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Pinellas summer food programs look to fill gaps in nutrition

Jaiman Edwards, 8, left, Adrieonna Ohlin, 9, middle, and I’aani Irby, also 9, partake of lunch Friday at the YMCA child care program at Campbell Park Elementary School.


Jaiman Edwards, 8, left, Adrieonna Ohlin, 9, middle, and I’aani Irby, also 9, partake of lunch Friday at the YMCA child care program at Campbell Park Elementary School.

Two government-sponsored summer food programs are ramping up their efforts to bridge the nutritional gap for Pinellas County students after the school year ends.

Summer Break Spot provides students 18 and younger with two meals a day Monday through Thursday. The program is part of a larger effort by the U.S. and Florida agriculture departments to help families who rely on free and reduced-priced school lunches most of the year.

In an expanded program this year, Summer Break Spot began distributing meals at nearly 140 schools, churches, community centers and nonprofit organizations the Monday after school let out in June. Last year there was a weeklong gap between the last day of school and when Summer Break Spot began, leaving some students in the lurch.

"We wanted to close that this year," said Lynn Geis, assistant director.

Students can have either breakfast and lunch or breakfast and a snack. The program distributes 6,000 to 8,000 lunches a day, Geis said.

Students not enrolled in the program also can receive free meals at the sites as long as they are 18 or younger.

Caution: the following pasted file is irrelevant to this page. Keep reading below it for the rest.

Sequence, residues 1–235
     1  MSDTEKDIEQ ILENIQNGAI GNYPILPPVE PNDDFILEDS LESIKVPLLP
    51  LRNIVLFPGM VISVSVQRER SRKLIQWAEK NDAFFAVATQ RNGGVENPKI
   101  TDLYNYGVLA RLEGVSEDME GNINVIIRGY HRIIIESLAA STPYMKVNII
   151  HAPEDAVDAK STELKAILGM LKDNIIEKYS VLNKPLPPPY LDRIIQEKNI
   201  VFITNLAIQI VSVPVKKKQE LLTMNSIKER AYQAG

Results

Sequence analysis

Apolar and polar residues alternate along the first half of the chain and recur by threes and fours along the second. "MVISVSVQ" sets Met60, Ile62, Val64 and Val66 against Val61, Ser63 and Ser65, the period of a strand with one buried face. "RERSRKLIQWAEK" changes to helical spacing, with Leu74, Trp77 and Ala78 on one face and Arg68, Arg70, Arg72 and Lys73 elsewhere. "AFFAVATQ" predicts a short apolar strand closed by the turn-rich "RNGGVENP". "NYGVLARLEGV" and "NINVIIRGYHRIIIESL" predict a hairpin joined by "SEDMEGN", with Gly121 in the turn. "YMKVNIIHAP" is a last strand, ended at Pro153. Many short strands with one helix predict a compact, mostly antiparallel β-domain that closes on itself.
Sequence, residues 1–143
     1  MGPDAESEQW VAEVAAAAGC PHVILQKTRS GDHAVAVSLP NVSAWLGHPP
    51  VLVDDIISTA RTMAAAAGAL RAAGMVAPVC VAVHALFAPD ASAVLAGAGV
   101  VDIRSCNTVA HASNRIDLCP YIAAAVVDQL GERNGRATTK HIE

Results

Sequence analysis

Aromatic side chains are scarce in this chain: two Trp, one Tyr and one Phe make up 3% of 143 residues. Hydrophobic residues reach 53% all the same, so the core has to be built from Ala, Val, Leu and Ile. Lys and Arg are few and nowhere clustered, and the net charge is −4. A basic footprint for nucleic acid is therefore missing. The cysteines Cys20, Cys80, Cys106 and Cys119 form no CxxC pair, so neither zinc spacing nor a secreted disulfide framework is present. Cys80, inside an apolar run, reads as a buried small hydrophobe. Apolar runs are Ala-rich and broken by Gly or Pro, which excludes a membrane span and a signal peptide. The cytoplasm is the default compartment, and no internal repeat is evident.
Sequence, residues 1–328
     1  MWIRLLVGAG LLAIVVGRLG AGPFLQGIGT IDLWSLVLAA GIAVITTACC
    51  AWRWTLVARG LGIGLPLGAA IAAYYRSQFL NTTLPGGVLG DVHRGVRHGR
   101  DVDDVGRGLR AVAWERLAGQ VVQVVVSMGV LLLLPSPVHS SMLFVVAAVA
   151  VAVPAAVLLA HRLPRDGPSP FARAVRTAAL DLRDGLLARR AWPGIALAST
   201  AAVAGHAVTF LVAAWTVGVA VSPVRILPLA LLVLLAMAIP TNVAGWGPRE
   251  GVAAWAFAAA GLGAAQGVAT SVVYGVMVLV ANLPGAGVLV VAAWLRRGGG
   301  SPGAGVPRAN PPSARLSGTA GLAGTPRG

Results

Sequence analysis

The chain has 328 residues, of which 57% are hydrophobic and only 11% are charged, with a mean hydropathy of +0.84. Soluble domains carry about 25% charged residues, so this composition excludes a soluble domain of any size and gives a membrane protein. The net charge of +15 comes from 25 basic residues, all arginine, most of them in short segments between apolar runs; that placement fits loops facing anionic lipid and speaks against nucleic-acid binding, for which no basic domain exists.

To help keep children safe and close to home, food trucks will be introduced at five apartment complexes throughout Pinellas this summer.

In addition, to help families get through the weekends, any student who receives a free or reduced-price meal during the school year can receive prepackaged meals from a pilot program funded by the Juvenile Welfare Board and the Public Defender's Office. That effort, which started Friday, distributes meals at nine elementary schools — Campbell Park, Fairmount Park, Lakewood, Melrose, New Heights, High Point, Belleair, Sandy Lane and Tarpon Springs.

"We know that (students) have some significant food needs, and those needs don't stop when class stops on Friday," said Matthew Spence, special product and content manager of the JWB. "They continue through the weekend."

Partnering with Organization Nourish to Flourish, the JWB distributes meals with a fruit and a vegetable, a main course and milk or juice. Each student receives two meals, both of which can stay fresh for a longer time if not immediately eaten. The JWB estimates it will provide nearly 35,000 weekend meals this summer.

"As long as it's nutritious, it's good," said Carey Barber of St. Petersburg, who was picking up his niece Friday from a summer program at Campbell Park Elementary. The girl receives weekend meals from the JWB program.

To get information on either program or to find a meal location, visit or

Malena Carollo can be reached at or (727) 893-8510.

Pinellas summer food programs look to fill gaps in nutrition 06/21/14 [Last modified: Saturday, June 21, 2014 8:08pm]
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